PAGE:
Israel’s PM Netanyahu faces corruption charges
Move by attorney general to indict prime minister comes weeks ahead of tight election
Israeli prime minister Binyamin Netanyahu is seeking a fourth consecutive term in office. File photograph: Ammar Awad/Reuters
Israel’s attorney general has called for prime minister Binyamin Netanyahu to face charges in all three of the corruption investigations against him, pending a hearing.
The decision by Avichai Mandelblit comes less than six weeks before a general election. It is the first time that a serving Israeli prime minister has been told he faces criminal charges, and casts a question mark over Mr Netanyahu’s re-election campaign.
He is under no legal obligation to resign, even if indicted, but may find his political situation untenable if some potential coalition partners desert him. Most have indicated they will stick with him, at least until the hearing process runs its course.
In the most serious case, and the only one of the three alleging bribery, Mr Netanyahu is suspected of securing favourable coverage on a news website in return for regulatory benefits to its owner, telecommunications giant Bezeq. The bribery charge carries a maximum 10 -year jail term.
Mr Netanyahu has denied any wrongdoing, claiming he is the victim of a left-wing witch hunt, assisted by a hostile media and judicial officials, intended to topple him. On Thursday, he likened the investigations to a “house of cards that will soon come crashing down”.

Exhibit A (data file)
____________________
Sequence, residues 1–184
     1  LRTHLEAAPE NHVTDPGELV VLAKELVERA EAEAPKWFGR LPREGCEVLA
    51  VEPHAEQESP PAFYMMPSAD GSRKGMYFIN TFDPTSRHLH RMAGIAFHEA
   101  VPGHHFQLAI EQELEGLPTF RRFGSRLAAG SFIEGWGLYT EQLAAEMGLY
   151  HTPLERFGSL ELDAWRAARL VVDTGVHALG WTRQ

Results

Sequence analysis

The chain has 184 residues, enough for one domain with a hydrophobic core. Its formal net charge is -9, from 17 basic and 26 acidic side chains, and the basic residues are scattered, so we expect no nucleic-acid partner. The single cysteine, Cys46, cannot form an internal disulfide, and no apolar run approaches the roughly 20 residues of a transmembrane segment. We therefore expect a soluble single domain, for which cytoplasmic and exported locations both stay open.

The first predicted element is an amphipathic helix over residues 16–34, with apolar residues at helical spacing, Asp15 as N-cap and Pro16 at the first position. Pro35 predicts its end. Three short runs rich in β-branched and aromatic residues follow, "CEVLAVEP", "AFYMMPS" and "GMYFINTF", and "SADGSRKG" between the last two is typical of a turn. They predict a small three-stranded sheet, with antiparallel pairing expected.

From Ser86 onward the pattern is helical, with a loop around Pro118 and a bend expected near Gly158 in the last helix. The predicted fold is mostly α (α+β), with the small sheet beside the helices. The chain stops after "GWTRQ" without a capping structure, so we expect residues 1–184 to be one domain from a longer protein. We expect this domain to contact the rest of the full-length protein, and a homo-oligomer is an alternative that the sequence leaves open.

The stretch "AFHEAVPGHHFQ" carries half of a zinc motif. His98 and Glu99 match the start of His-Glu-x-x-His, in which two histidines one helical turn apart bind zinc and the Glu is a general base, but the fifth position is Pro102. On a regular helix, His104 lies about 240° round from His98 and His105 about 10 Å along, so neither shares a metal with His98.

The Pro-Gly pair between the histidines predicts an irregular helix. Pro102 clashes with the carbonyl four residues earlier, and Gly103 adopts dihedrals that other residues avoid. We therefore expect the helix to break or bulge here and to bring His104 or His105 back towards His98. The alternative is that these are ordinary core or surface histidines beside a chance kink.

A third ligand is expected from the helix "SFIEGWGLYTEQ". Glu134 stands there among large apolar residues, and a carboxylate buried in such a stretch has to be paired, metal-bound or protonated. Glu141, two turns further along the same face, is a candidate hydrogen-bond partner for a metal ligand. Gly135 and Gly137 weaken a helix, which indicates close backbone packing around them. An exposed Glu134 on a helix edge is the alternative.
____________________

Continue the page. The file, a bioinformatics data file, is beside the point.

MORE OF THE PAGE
“Rest assured, I will refute all the allegations,” he said in a televised address on Thursday night.
Mr Netanyahu will have an opportunity to make his case against the indictments at a pre-trial hearing, which will not take place until after the April 9th election, and may drag on until 2020 due to the complexities of the various graft affairs.
He has already said he has no intention of resigning and his Likuk party described the looming indictment as “political persecution”.
The actual filing of charges, which include fraud and breach of trust as well as bribery, will depend on the outcome of the pre-trial hearing. At that hearing Mr Netanyahu can try to convince Mr Mandelblit, the attorney general, not to indict him.
Mr Netanyahu (69) is seeking a fourth consecutive term and if successful at the polls would become Israel’s longest-serving prime minister.
He is suspected of wrongfully accepting $264,000-worth (€232,000) of gifts, which prosecutors said included cigars and champagne, from wealthy businessmen and dispensing favours in alleged attempts for benign coverage by a newspaper and a website.
In December, Israeli police recommended that the prime minister be indicted for bribery and fraud and breach of trust, with Mr Mandelblit left to make a final decision on whether to press charges.
Opinion polls have shown a tight election race, with significant gains for a centre-left alliance that could score an upset over the ruling Likud.
Anshel Pfeffer, author of a recent Netanyahu biography, said Israel is entering “uncharted waters” in which “no one has any idea how being a prime minister under notice of indictment will affect Netanyahu and his government”.
US president Donald Trump, asked at a news conference in Hanoi about Mr Netanyahu’s legal troubles, voiced support for the right-wing leader. Mr Trump and Mr Netanyahu have been as one on policy towards Iran and the Palestinians.